taking command of Centcom was to order his
subordinates to avoid the term "long war" - a
phrase Bush and Secretary of Defense Robert Gates
had used to describe the fight against terrorism.
Fallon was signaling his unhappiness with
the policy of US occupation of Iraq for an
indeterminate period. Military sources explained
that Fallon was concerned that the concept of a
long war would alienate Middle East publics by
suggesting that US troops would remain in the
During the summer,
according to the September 9 report in the Post,
Fallon began to develop his own plans for
redefining the US mission in Iraq, including a
plan for withdrawal of three-quarters of the US
troop strength by the end of 2009.
conflict between Fallon and Petraeus over Iraq
came to a head early this month. According to the
Post story, Fallon expressed views on Iraq that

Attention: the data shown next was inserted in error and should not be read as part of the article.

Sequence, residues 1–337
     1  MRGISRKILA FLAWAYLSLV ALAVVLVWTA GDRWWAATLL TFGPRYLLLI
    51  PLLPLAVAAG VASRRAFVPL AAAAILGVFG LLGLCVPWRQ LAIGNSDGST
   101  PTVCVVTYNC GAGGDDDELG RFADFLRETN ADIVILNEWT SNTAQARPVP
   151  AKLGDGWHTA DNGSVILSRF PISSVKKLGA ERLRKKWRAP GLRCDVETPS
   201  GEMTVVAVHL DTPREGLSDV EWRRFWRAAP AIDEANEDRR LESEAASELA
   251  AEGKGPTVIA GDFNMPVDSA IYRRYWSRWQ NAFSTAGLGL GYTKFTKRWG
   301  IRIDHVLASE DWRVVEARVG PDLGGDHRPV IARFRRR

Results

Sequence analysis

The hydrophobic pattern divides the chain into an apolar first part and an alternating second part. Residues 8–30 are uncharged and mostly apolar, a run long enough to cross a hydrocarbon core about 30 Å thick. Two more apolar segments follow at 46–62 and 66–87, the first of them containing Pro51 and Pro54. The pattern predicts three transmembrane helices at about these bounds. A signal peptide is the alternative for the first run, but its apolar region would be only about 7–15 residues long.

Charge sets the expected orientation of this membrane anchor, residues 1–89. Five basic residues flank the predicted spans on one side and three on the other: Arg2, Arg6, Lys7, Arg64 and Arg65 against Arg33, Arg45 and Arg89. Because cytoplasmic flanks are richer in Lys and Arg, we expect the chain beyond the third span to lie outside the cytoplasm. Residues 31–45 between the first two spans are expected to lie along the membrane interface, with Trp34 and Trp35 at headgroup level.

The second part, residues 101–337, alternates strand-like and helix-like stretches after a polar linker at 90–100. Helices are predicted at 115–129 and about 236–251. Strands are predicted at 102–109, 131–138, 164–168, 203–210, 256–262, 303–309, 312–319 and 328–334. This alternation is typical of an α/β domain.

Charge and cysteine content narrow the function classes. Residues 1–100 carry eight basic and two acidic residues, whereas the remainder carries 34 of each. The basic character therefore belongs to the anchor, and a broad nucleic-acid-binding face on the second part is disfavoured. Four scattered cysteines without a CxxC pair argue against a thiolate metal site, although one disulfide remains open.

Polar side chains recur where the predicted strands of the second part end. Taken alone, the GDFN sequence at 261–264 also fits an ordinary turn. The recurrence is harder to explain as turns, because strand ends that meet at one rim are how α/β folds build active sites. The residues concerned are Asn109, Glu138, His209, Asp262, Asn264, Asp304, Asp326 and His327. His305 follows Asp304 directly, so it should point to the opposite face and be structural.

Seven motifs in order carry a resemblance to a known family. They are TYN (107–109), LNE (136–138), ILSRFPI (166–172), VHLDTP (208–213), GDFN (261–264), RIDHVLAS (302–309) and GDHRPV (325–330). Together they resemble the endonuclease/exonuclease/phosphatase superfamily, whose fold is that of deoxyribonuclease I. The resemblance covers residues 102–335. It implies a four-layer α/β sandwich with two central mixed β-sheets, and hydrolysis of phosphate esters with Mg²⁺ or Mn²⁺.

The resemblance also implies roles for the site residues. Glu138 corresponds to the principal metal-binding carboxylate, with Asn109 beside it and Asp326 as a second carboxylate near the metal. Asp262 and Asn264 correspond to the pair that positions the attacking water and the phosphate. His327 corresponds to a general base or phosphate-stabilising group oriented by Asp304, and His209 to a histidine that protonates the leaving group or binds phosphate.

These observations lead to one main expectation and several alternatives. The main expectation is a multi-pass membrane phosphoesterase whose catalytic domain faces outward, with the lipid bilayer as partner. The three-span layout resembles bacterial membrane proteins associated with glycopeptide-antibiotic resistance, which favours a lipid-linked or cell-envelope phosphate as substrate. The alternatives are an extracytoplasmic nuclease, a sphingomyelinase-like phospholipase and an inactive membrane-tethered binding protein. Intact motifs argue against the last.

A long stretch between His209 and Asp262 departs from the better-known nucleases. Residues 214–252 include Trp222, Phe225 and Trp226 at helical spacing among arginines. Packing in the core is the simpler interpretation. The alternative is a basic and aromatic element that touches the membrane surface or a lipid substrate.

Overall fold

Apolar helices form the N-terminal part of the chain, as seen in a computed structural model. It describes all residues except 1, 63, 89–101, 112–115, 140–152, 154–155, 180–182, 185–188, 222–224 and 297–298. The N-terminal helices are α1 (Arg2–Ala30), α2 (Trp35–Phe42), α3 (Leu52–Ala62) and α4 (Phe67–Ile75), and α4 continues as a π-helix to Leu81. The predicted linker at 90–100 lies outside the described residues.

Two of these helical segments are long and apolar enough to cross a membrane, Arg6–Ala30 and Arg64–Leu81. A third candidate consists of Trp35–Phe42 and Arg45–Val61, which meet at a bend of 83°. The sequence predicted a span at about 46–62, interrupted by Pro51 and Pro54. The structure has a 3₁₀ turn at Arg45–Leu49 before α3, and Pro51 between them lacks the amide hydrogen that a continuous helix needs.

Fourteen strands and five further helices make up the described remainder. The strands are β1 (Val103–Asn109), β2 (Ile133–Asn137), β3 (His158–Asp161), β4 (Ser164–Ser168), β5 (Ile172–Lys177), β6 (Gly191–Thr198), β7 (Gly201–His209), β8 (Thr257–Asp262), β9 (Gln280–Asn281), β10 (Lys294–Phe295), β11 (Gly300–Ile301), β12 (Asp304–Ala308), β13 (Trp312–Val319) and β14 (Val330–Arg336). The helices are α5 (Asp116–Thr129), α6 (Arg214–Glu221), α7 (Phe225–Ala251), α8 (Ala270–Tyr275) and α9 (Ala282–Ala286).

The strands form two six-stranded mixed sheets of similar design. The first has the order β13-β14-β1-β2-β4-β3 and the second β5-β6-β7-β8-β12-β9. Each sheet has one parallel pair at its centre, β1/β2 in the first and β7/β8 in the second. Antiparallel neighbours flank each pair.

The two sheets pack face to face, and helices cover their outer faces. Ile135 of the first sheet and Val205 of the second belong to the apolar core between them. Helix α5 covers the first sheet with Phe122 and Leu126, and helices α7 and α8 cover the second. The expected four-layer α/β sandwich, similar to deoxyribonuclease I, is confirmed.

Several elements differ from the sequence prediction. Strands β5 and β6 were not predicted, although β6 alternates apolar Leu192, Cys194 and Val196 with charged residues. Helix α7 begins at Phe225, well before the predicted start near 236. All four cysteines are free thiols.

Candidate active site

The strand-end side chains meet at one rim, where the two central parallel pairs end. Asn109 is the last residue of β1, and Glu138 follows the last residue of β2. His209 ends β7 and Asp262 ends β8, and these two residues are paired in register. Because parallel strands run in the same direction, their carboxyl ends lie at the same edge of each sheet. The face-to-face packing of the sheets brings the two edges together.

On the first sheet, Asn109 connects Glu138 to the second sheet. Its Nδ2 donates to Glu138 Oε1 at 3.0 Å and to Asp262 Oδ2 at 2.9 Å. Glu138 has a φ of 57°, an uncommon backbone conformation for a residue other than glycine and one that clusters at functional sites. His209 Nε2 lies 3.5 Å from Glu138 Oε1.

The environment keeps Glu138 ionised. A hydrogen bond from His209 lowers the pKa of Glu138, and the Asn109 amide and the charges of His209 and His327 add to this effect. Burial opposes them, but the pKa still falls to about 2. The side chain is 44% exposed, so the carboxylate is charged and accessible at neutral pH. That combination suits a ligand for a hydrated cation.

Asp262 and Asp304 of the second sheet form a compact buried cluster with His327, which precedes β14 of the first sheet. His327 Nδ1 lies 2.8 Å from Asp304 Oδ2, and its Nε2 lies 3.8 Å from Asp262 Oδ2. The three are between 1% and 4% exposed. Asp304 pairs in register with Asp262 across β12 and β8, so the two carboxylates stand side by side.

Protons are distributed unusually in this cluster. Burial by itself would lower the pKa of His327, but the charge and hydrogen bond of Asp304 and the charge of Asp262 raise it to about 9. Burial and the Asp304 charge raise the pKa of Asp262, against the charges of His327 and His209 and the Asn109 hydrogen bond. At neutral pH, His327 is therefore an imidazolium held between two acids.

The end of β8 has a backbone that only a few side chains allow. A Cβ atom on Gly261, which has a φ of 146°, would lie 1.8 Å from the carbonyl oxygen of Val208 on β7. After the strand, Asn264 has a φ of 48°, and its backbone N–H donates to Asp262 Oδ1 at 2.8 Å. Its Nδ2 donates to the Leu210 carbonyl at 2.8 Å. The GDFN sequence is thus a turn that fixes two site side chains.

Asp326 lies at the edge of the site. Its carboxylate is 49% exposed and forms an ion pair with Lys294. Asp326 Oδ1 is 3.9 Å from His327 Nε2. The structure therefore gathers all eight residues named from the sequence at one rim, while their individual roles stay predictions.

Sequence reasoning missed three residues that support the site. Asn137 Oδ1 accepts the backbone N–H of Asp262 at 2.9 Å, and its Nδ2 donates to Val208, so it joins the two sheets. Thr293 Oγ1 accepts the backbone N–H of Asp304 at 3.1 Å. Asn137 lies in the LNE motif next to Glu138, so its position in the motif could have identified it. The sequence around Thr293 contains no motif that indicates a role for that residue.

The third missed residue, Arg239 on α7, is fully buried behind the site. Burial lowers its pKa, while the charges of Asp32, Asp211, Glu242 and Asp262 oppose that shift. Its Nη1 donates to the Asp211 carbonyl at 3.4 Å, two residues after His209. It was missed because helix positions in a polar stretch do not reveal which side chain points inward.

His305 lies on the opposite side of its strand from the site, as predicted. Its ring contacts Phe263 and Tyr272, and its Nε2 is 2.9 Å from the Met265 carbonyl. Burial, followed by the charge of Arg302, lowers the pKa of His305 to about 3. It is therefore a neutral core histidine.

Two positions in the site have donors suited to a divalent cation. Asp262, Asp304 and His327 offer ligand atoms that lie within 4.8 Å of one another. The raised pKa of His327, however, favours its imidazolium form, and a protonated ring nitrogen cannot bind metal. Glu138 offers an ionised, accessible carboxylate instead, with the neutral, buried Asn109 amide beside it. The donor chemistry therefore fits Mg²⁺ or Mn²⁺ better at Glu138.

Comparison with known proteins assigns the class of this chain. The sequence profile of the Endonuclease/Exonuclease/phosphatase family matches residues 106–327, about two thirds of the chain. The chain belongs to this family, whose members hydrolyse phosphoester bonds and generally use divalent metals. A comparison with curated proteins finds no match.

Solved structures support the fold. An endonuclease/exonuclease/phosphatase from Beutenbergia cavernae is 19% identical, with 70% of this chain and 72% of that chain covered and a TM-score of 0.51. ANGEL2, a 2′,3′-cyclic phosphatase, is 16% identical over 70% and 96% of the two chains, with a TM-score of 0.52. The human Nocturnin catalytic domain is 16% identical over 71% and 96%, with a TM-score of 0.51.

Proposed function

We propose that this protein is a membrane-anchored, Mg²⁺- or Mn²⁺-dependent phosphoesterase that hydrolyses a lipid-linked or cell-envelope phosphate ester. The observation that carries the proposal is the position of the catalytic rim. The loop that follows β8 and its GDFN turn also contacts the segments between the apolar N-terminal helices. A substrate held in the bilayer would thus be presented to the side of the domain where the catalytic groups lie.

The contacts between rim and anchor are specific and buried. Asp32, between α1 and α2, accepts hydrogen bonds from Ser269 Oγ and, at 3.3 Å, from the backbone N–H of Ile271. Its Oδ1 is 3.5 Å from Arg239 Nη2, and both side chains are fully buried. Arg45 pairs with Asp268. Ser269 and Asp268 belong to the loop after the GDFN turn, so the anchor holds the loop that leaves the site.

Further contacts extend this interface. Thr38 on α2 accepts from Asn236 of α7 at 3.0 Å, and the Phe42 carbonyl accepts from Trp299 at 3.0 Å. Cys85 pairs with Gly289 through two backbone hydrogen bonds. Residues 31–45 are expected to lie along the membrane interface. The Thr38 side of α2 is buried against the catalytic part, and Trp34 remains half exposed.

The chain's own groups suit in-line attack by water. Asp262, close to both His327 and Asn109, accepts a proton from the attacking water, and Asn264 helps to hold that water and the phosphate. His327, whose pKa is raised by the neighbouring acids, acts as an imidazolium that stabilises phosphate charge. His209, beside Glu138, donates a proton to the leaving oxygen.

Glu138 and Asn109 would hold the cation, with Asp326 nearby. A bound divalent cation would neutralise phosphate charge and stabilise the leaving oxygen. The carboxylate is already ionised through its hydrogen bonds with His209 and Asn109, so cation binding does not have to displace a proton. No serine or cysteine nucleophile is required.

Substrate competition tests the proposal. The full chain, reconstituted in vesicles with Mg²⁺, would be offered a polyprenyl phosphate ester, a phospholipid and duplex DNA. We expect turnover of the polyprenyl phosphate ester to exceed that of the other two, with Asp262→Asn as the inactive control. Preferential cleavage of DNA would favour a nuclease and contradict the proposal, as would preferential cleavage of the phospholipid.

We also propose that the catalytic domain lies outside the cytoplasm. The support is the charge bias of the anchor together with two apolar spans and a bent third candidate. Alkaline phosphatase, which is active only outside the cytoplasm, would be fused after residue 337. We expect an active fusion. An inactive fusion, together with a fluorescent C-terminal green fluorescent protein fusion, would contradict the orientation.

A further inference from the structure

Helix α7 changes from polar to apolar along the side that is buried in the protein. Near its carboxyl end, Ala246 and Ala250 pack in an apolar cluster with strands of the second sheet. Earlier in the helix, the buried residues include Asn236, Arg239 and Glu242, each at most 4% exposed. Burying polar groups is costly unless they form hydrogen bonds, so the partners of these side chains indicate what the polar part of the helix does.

were sharply at odds with those of Petraeus in a
three-way conversation with Bush on Iraq the
previous weekend. Petraeus argued for keeping as
many troops in Iraq for as long as possible to
cement any security progress, but Fallon argued
that a strategic withdrawal from Iraq was
necessary to have sufficient forces to deal with
other potential threats in the region.
Fallon's presentation to Bush of the case
against Petraeus's recommendation for keeping
troop levels in Iraq at the highest possible level
just before Petraeus was to go public with his
recommendations was another sign that Petraeus's
role as chief spokesman for the "surge" policy has
created a deep rift between him and the nation's
highest military leaders. Bush presumably would
not have chosen to invite an opponent of the
"surge" policy to make such a presentation without
lobbying by the top brass.
Fallon had a
"visceral distaste" for what he regarded as
Petraeus's sycophantic behavior in general, which
had deeper institutional roots, according to a